It is very hard just to sit still trying not to do a certain thing, or not even to think about it It's much easier to get active and do something else—other than the act we're trying to avoid.
So it is with drinking. Simply trying to avoid a drink (or not think of one), all by itself, doesn't seem to be enough. The more we think about the drink we're trying to keep away from, the more it occupies our mind, of course. And that's no good. It's better to get busy with something, almost anything, that will use our mind and channel our energy toward health.
Thousands of us wondered what we would do, once we stopped drinking, with all that time on our hands. Sure enough, when we did stop, all those hours we had once spent planning, getting our drinks, drinking, and recovering from its immediate effects, suddenly turned into big, empty holes of time that had to be filled somehow.
Most of us had jobs to do. But even so, there were some pretty long, vacant stretches of minutes and hours staring at us. We needed new habits of activity to fill those open spaces and utilize the nervous energy previously absorbed by our preoccupation, or our obsession, with drinking.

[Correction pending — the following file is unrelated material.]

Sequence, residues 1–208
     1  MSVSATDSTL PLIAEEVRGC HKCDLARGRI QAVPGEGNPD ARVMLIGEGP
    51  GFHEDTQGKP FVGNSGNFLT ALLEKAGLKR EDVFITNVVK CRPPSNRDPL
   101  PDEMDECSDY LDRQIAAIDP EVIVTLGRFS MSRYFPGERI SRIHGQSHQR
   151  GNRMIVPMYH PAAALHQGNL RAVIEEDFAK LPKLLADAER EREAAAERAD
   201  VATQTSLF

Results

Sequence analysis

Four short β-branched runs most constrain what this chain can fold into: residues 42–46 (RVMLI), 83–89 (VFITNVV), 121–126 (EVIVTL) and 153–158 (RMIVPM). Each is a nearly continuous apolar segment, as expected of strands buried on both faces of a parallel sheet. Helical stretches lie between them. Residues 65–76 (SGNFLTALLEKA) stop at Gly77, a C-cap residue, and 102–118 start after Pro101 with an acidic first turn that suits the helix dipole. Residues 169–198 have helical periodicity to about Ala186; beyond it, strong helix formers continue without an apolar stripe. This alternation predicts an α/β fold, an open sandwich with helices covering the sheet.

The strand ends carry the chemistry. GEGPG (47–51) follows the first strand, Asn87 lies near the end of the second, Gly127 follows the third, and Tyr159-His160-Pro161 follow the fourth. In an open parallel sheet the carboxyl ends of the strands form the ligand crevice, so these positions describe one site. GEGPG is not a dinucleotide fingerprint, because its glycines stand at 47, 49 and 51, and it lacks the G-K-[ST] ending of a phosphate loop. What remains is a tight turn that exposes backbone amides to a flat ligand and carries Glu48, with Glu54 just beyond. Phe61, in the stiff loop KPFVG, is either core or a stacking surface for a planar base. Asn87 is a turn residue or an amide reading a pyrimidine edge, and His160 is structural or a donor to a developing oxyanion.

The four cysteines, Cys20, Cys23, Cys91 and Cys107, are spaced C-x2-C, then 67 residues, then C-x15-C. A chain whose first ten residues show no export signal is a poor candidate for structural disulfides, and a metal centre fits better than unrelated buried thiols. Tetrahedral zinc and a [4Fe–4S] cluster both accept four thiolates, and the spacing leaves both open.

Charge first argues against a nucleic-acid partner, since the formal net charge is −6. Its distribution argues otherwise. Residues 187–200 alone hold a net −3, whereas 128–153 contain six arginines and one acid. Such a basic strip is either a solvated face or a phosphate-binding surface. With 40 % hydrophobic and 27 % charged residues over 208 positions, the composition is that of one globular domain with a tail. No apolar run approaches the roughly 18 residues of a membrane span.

Anyone who has ever tried to break a habit knows that substituting a new and different activity is easier than just stopping the old activity and putting nothing in its place.
Recovered alcoholics often say, "Just stopping drinking is not enough." Just not drinking is a negative, sterile thing. That is clearly demonstrated by our experience. To stay stopped, we've found we need to put in place of the drinking a positive program of action. We've had to learn how to live sober.
Fear may have originally pushed some of us toward looking into the possibility that we might have a drinking problem. And over a short period, fear alone may help some of us stay away from a drink. But a fearful state is not a very happy or relaxed one to maintain for very long. So we try to develop a healthy respect for the power of alcohol, instead of a fear of it, just as people have a healthy respect for cyanide, iodine, or any other poison. Without going around in constant fear of those potions, most people respect what they can do to the body, and have enough sense not to imbibe them. We in AA now have the same knowledge of, and regard for, alcohol. But, of course, it is based on firsthand experience, not on seeing a skull and crossbones on a label.
We can't rely on fear to get us through those empty hours without a drink, so what can we do?
We have found many kinds of activity useful and profitable, some more than others. Here are two kinds, in the order of their effectiveness as we experienced it.